Governor Bill Haslam joined construction industry associations on Wednesday to announce the launch of a new statewide skilled trades education and recruitment initiative, Go Build Tennessee. The effort will address skilled labor shortages through targeted education and image enhancement to inform and inspire the next generation of future skilled workers.
“Tennessee is often ranked among the best for economic development and business climate.
To remain competitive we need to prepare our citizens to meet workforce demands, including the demands in the construction industry. Go Build Tennessee will encourage young people to consider careers in the skilled trades and inform the next generation of workers about career opportunities and training programs available to them,” Governor Haslam said.
Officials said, "America depends on its skilled tradesmen – and right now all across the country the construction industry is getting older and smaller. In Tennessee, the average age of a construction worker is over 50 years old, and for every five workers who leave the industry, only one replaces them. Construction industry labor shortages, often referred to as a 'skills gap,' were compounded by the national recession beginning around 2007. Without action to attract future tradesmen to the construction industry, our nation faces severe problems in any effort to build and maintain its infrastructure."
The purpose of Go Build Tennessee is to keep the workforce strong and steady, and that starts by inspiring young people to consider a career in the skilled trades. The initiative, which launched online on Wednesday at www.gobuildtennessee.com
and also on television, seeks to address misperceptions about the industry by educating the public about the labor shortages and highlighting opportunities in the construction craft trades.
“Today’s launch is the result of employers, industry association, educators and our legislature, working together to address an ongoing industry crisis. Go Build Tennessee’s outreach efforts will extend throughout the state to better engage and educate students – and their ‘influencers’ – about career and training opportunities in the construction industry,” said David Stansell, president of Go Build Tennessee and President of Stansell Electric Company located in Nashville.
Research indicates that young people simply are not considering the construction trades as a viable career choice. As a result of both misperceptions and misunderstandings, students from junior high school through junior college, who are prime candidates for careers in the construction trades, seldom even investigate these career possibilities. Because perceptions don’t change overnight, Go Build employs a robust public relations education effort that reaches and interacts with students at multiple levels with one seamless message.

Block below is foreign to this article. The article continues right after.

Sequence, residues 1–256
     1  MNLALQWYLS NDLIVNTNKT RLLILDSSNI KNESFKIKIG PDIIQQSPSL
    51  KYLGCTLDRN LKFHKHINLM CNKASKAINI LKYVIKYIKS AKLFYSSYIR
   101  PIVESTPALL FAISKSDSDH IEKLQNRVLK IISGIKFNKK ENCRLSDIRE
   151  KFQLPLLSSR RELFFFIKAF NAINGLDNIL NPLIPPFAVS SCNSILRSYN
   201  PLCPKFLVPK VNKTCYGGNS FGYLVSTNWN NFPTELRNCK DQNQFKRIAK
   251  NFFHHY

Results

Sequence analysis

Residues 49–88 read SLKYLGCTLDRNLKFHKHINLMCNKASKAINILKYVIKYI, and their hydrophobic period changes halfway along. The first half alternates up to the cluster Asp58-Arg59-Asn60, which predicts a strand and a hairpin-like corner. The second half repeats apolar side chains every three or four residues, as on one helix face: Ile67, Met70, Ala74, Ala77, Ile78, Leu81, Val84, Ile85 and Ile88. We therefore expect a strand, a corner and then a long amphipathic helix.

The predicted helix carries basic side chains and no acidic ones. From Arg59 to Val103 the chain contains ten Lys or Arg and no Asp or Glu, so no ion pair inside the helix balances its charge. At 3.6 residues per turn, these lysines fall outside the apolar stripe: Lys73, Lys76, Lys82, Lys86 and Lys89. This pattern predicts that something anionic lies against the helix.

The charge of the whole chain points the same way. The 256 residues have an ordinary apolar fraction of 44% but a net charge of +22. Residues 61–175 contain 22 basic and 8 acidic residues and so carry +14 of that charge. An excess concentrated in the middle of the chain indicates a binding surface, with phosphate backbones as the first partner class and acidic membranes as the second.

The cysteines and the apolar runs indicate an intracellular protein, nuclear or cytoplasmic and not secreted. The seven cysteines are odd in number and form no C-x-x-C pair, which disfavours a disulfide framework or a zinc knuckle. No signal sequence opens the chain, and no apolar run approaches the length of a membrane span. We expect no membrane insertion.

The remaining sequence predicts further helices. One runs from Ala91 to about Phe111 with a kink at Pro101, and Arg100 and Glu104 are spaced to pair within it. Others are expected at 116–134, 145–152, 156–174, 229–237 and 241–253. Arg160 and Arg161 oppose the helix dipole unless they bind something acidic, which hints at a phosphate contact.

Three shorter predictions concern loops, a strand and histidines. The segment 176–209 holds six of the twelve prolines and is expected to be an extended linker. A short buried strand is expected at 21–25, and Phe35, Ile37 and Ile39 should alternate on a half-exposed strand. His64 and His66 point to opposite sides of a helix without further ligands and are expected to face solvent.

“In developing the Go Build initiative, we realized that a short term marketing blitz would never cause a paradigm shift in people’s thinking about the skilled trades,” said Bob Woods, CEO/president of Go Build. “And to truly change perceptions, we needed to find a way to appeal to millennials’ sense of purpose. So instead of lecturing them about career opportunities, we choose to inspire them around a rallying cry: Go Build.”
As part of a sustained public relations campaign, Go Build Tennessee deploys its message across a variety of mediums – including TV, print and digital advertising, an engaging website, grassroots outreach and educator tools such as trade videos, classroom materials and more.
“Go Build seeks to complement existing career technical education and apprenticeship training outreach efforts in order to recruit the next generation of skilled workers. Our goal is to do more than just publicize the problem – we’re actively working to close the skills gap,” said Mr. Stansell.
Go Build Tennessee was enacted through legislation sponsored by Rep. Ryan Williams and Sen. Jim Tracy, with industry support from the Associated Builders and Contractors, the Associated General Contractors, the Home Builders Association, and the Tennessee Road Builders Association. The program is administered by a 501(c)(3) nonprofit comprised of representatives from commercial, industrial, residential, and road building contractors and subcontractors. The $3.5 million campaign is funded solely through industry collected fees and will be administered by a 501(c)(3) nonprofit comprised of representatives from commercial, industrial, residential, and road building contractors and subcontractors.
Go Build, which was also launched in in Alabama 2010 and Georgia in 2012, has shown to have a significant impact on apprenticeship applications and first year career technical education enrollments. The program has been endorsed by the United States Department of Labor, and national ABC, AGC, CURT, CII and the Trimmer Foundation organizations.